Start with why but…

don't forget what, when, how, where and who

Start with why but...

A great many business and marketing consultants have fallen in love with Simon Sinek and his book, ‘Start with why’…

but not everyone is that keen on Sinek’s ideas, and here’s why!

The ‘Start with Why’ talk

In case you’re not familiar with Sinek, here he is talking through his big idea.


Sinek is something of a ‘Marmite’ character in the business world, and like the British vegetable extract spread, some people love this guy, while others are less impressed!

I don’t feel that strongly about Sinek and I have to hand it to him for his success with this single question idea.

What’s the idea?

Well, watch the video for more on that.

My take, in a nutshell, is that this is about focussing on (and communicating) your ‘Why’ (your purpose) to motivate yourself and your team to deliver great results – and to motivate customers to buy from you.

Is this really a new idea?

No, the idea about the value of having a ‘why’ goes back a long way before Sinek, certainly to Nietzsche and probably long before that.

Nietzsche said,

He who has a ‘why’ to live can bear with almost any ‘how’

Indeed, it was that powerful quote that helped Victor Frankl survive his own imprisonment (and murder of his family) in the Nazi concentration camps during World War II.

So, yes, ‘having a why’ can be extremely powerful, and as Michael Schein points out, we can learn from Sinek’s marketing tactics too.

However, I think we need deeper Insights than Sinek offers, and Mencken’s observation here is worth remembering.

Mencken. Clear Simple and Wrong. Clean. Paul Claireaux

My view is that the challenges we face in the world are not helped by people offering simple answers to complex problems, whether in Onion Ring models or two by two matrices on Flip Charts as Sinek is prone to do.

This is not to say that I think Sinek is wrong about the importance of having a ‘Why’, we know from Nietzsche and Frankl that it matters.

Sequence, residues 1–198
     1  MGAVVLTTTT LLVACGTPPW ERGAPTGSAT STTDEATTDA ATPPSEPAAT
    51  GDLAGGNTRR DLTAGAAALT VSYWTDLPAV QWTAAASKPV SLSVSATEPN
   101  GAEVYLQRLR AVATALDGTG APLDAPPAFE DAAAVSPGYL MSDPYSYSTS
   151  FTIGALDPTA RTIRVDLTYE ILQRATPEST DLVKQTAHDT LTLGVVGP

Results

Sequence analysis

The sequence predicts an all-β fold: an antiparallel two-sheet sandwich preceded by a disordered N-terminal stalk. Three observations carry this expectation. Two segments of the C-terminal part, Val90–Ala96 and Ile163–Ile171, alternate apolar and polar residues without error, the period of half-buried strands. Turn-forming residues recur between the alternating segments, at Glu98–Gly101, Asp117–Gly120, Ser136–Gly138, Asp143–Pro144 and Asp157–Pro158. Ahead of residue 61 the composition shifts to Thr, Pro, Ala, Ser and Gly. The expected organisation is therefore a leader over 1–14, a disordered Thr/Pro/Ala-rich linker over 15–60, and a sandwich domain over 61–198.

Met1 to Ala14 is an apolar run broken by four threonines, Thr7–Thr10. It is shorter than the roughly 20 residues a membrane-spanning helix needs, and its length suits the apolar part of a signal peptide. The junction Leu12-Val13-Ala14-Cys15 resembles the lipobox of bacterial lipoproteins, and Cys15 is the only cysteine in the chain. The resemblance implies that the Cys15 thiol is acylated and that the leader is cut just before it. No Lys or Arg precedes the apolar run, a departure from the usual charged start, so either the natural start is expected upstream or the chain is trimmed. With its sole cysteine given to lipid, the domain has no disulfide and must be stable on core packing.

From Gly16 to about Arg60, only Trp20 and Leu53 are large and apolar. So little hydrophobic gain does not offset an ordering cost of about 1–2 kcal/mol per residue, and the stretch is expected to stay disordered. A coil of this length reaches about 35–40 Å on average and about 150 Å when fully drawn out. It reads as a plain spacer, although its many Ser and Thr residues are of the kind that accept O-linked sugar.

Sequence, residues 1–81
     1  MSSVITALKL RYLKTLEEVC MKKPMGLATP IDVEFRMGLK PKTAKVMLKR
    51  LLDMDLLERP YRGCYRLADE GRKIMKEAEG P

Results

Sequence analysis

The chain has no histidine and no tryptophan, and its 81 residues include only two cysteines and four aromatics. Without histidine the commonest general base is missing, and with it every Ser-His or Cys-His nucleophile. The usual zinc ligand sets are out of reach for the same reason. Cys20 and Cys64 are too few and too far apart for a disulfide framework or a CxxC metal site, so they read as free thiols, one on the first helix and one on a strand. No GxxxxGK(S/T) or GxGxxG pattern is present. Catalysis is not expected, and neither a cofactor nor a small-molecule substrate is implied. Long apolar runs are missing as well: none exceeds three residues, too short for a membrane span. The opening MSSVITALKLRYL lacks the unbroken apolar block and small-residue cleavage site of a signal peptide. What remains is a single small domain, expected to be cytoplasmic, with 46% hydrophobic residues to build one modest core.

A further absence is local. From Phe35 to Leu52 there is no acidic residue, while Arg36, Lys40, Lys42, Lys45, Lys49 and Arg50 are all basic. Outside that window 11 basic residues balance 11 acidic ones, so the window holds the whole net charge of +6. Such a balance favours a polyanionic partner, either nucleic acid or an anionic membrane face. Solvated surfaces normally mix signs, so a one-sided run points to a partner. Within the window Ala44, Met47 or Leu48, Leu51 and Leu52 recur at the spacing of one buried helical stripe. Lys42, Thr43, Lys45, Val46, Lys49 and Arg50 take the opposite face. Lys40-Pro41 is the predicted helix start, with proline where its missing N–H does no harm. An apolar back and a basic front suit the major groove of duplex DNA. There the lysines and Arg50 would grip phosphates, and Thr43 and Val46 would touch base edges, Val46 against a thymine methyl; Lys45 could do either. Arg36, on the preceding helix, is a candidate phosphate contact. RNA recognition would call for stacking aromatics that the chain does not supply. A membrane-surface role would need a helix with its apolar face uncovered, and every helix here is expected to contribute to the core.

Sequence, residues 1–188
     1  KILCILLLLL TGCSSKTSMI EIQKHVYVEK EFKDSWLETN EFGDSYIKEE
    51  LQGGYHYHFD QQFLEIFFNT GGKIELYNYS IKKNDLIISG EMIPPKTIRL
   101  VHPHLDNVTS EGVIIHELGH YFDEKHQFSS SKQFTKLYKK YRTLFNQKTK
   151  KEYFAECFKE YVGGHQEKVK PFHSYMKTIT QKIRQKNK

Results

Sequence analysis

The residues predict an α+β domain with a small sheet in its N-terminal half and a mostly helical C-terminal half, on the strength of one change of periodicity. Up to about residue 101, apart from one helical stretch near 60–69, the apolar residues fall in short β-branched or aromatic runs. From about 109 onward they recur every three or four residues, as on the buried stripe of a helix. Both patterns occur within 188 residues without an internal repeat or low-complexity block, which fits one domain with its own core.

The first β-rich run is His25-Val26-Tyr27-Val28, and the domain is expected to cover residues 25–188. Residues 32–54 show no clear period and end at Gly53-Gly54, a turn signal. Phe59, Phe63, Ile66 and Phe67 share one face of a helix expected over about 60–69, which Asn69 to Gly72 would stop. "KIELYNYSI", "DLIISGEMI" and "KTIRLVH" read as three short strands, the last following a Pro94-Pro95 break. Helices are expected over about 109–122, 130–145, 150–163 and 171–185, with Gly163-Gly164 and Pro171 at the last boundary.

I’m just saying that life and business success is more complex than getting your ‘purpose’ sorted out.

One of our challenges is that we’re attracted to Siren calls of ‘quick and simple’ ideas.

It’s an issue I covered in this piece on why  ‘Why financial planning is not common Sense’

And, as Cal Newport shows here, having a ‘passion’ for your work, at least at the outset, is not a prerequisite to success.

Newport, like Sinek, offers Steve Jobs as an example but to prove exactly the opposite point!

This is a fascinating talk.

So, the evidence shows that most of us are attracted to overconfident presentations and simple ideas.

The problems start, as Einstein observed when we oversimplify ideas.

Einstein. Simple as it can be. Paul Claireaux

Understanding how ‘why’ is used to engage us.

The ‘why?’ question is certainly powerful because it engages our emotions. And when we’re emotionally engaged we’re open to suggestion.

Indeed, PR and Advertising people have understood this for a hundred years, and the history of how they learned it, is fascinating too.

It all started in the roaring 1920s in the USA, when Edward Bernays (nephew of Sigmund Freud) pulled a PR stunt in New York’s Time Square to prove that emotional selling could persuade women to start smoking en masse, for the first time.

It was a clever use of Individual and Social Psychology ideas – and an incredibly effective PR campaign. Sales of cigarettes skyrocketed.